Two 89.0kN (20,000lb) CFM International CFM563B1 turbofans, or optionally two 97.9kN (22,000lb) CFM563B2s.
Max cruising speed 908km/h (491kt), long range cruising speed 794km/h (429kt). Range with 128 passengers and standard fuel 3362km (1815nm), range with 128 pax and max fuel 4973km (2685nm). High gross weight version max range 6300km (3400nm) with 140 passengers.
Operating empty 32,881kg (72,490lb), standard max takeoff 56,740kg (124,500lb), high gross weight option 62,823kg (138,500lb).
Flightcrew of two. Typical two class seating for 128 (eight premium class four abreast and 120 economy class six abreast), standard one class seating for 141 at six abreast and 81cm (31in) pitch, max seating for 149 at 76cm (30in) pitch.
Grand total 737 orders stand at over 4236, of which over 1104 are for the 300. Approximately 1070 737-300s were in service at late 1998.
Short to medium range narrowbody airliner
The 737-300 is the first of the three member second generation CFM56 powered 737 family, which also comprises the stretched 737-400 and shortened 737-500. The success of the second generation Boeing 737 family pushed sales of the mark to over 3000, a record for a commercial jetliner.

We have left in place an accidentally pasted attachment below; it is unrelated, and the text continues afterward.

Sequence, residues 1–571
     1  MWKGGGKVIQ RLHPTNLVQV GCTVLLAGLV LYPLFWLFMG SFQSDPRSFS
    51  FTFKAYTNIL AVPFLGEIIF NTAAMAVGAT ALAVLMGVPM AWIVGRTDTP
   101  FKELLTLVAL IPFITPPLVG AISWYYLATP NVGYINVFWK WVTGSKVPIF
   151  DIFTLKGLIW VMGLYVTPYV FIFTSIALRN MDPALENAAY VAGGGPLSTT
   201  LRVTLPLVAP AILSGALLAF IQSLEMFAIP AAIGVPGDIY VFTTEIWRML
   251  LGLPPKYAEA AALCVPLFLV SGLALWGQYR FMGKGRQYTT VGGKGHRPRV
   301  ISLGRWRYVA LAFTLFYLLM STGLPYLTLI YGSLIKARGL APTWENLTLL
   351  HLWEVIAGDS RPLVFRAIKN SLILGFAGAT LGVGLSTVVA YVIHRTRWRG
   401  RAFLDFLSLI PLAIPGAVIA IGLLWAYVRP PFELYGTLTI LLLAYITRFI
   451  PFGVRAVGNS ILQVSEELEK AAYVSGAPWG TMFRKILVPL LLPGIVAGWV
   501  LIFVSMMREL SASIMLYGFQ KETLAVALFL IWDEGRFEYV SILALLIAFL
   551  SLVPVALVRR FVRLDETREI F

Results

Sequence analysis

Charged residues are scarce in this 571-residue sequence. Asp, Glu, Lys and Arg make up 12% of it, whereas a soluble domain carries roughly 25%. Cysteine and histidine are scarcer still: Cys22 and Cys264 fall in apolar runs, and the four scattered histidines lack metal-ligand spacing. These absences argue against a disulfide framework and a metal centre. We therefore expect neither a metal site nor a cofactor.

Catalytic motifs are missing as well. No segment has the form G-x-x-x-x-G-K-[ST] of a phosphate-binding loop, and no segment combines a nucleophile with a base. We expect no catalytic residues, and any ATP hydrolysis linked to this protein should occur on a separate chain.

Boeing announced it was developing the 737-300 in March 1981. This new variant started off as a simple stretch over the 737-200 but Boeing decided to adopt the CFM International CFM56 high bypass turbofan (jointly developed by General Electric and SNECMA) to reduce fuel consumption and comply with the then proposed International Civil Aviation Organisation Stage 3 noise limits.
Despite the all new engines and the 2.64m (104in) fuselage stretch, the 737-300 retains 80% airframe spares commonality and shares the same ground handling equipment with the 737-200. A number of aerodynamic improvements were incorporated to further improve efficiency including modified leading edge slats and a new dorsal fin extending from the tail. Another feature was the flattened, oval shaped engine nacelles, while the nosewheel leg was extended to increase ground clearance for the new engines. Other internal changes include materials and systems improvements first developed for the 757 and 767 programs, including an early generation EFIS flightdeck (with four colour CRT screens).
The 737-300 flew for the first time on February 24 1984, while first deliveries were from November 1984. Since that time well over 1000 737-300s have been sold and it forms the backbone of many airlines' short haul fleets.
The stretched 737-400 and shortened 737-500 are described separately.